Volatility refers to the frequency and magnitude of price changes of financial instruments. An asset is said to be highly volatile if its price swings a lot over a short period, such as one day. Contrary to this, there is no volatility if the asset price does not move within a short span. The forex market is known to have increased volatility levels. While volatility help scalpers find multiple trading opportunities and make quick profits, it can also lead them to incur severe trading losses if the market moves unfavorably. In this article, we discuss the most volatile currency pairs in detail. 

What are the most volatile currency pairs, and how to trade them?

Traders employ various trading strategies to trade and benefit from the forex market volatility. For instance, standard deviation and price variance help traders predict how much an underlying currency pair will fluctuate over a specific time. Investors can also evaluate FX volatility by observing the currency pair’s true range or the percentage of the spot range. The volatility of different currency pairs varies. The higher a currency pair is volatile, the more significant risk it carries and vice versa. Given below is the list of the most volatile currency pairs.

  1. Australian Dollar/Japanese Yen – AUD/JPY
  2. Canadian Dollar/Japanese Yen – CAD/JPY
  3. Australian Dollar/Pound Sterling – AUD/GBP
  4. New Zealand Dollar/Japanese Yen – NZD/JPY 
  5. Australian Dollar/US Dollar – AUD/USD

On the other hand, The liquidity and volatility of other major forex pairs, such as EUR/USD, GBP/USD, USD/JPY, and USD/CHF, are relatively lower. Notably, emerging market currencies, such as the USD/ZAR, USD/MXN, and USD/TRY are known to have the world’s highest volatility levels.

As a result of the inherent risk in emerging market economies, their relative currencies are considered exceedingly volatile. The US Dollar/South African – USDZAR chart below shows how volatile developing market currencies can be, with the USD/ZAR rising by roughly 25% in just over a month. That’s not the first time a currency pair from an emerging market has swung dramatically.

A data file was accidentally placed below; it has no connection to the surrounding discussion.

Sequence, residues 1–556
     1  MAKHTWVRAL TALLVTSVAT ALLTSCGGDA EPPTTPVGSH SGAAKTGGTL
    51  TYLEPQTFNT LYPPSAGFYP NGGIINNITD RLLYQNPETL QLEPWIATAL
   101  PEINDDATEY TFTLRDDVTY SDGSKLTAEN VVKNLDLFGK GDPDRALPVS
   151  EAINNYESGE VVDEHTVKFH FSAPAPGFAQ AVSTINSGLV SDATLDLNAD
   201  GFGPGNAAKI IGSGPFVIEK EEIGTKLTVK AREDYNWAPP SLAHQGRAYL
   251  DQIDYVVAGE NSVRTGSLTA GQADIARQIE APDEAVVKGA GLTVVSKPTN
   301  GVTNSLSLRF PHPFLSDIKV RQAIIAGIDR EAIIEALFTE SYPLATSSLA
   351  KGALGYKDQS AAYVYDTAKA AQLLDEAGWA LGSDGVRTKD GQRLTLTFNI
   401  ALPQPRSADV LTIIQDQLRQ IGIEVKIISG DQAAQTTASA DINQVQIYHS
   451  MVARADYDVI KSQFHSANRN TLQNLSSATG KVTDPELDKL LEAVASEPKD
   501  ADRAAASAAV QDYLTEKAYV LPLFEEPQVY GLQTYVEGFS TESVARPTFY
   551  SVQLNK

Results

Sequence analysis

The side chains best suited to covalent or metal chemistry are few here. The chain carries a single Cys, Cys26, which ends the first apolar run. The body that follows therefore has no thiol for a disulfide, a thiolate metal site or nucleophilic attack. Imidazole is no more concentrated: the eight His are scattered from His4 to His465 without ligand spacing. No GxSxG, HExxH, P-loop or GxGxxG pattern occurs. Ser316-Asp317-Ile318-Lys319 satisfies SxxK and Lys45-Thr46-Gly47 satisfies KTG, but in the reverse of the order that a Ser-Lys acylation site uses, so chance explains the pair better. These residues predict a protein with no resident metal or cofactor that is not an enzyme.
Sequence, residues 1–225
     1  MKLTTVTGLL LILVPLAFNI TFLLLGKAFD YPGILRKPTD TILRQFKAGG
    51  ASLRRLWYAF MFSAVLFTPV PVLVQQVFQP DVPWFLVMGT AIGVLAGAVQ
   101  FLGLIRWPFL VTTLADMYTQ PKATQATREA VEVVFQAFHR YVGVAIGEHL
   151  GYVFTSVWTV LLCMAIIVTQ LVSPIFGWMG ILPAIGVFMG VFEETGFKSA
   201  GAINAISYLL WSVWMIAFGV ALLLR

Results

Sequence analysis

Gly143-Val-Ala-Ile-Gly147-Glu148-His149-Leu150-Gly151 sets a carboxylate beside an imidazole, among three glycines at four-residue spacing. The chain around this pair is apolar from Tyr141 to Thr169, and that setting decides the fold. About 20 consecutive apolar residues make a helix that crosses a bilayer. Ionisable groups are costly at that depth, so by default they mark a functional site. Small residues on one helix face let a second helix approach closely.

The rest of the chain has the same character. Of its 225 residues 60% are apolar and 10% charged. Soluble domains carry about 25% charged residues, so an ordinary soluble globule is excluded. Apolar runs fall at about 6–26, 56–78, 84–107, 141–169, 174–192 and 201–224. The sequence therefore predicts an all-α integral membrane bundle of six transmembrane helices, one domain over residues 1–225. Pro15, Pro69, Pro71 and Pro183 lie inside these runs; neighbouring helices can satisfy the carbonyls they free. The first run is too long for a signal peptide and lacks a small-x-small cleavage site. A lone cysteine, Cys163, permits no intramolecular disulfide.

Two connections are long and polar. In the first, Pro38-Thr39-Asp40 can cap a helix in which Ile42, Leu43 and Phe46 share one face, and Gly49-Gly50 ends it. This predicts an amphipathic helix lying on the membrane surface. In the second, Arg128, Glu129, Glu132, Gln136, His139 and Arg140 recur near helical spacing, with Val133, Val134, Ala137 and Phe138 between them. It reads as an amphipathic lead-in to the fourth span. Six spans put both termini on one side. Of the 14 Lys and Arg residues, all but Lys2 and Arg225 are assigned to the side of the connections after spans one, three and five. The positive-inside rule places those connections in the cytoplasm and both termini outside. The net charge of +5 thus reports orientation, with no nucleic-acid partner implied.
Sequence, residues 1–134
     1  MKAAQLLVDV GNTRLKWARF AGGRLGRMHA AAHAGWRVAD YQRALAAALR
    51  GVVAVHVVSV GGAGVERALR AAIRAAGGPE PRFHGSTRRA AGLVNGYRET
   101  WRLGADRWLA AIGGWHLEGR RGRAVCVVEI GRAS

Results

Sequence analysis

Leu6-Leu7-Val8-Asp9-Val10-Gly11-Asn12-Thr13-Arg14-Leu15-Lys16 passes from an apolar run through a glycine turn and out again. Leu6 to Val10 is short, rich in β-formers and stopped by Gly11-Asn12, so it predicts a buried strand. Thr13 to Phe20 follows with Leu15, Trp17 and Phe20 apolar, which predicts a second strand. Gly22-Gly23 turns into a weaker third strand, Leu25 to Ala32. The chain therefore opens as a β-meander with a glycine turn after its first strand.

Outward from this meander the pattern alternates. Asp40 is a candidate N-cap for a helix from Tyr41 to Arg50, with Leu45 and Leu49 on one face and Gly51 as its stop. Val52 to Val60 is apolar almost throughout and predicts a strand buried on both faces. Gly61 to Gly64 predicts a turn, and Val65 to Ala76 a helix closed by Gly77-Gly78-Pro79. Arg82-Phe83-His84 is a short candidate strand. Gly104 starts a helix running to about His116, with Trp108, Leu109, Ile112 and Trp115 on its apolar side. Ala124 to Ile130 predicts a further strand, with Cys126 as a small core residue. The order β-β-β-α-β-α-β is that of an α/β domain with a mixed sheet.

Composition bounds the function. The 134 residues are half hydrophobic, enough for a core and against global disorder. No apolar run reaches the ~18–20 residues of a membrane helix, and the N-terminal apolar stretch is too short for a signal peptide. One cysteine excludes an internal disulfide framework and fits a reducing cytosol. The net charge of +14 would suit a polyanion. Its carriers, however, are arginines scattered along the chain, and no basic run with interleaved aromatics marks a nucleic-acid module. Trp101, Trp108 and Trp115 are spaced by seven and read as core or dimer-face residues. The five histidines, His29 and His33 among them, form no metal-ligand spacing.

For forex traders, present volatility readings and potential volatility changes hold critical significance while making trades. Traders should also modify their positions according to the currency pair’s volatility. Reducing your position size might become necessary when trading highly volatile currency pairs. 

This knowledge helps traders set suitable stop loss (SL) and take profit (TP) limit orders based on volatility. Investors should also understand the key characteristics of the most volatile and least volatile currencies. In addition, traders need to be able to gauge volatility and be alert to any events that could cause it to spike or plummet significantly.

How to measure a currency pair’s volatility?

Traders need to evaluate the volatility of a currency to establish the appropriate position size. Investors can employ various indicators to measure a currency pair’s volatility, including but not limited to the Average true range (ATR), Donchian waterways, and Moving Average indicators. Volatility implied readings, which indicate the predicted degree of volatility obtained from options, are another option for traders to investigate.

Please note that market volatility has several implications for traders.

Important socioeconomic events can significantly affect a currency’s volatility, such as trade wars and Brexit. Volatility can be influenced by data releases as well. An economic calendar can help traders remain on top of upcoming data releases.

Many technical components of trading, such as resistance and support levels, trendlines, and price patterns, still apply to volatile currency pairs. A mix of technical analysis and risk management concepts can help traders cater to the market’s volatility and use it.

Traders need to stay abreast of the latest FX news, research, and rates to anticipate probable volatility shifts. Various online sources provide information related to trading, such as our Academy, helping you make informed trading decisions when dealing with the most volatile currency pairs. Learn more about forex and refine your trading tactics with the help of Traders Central

Which currency pairs are the least volatile?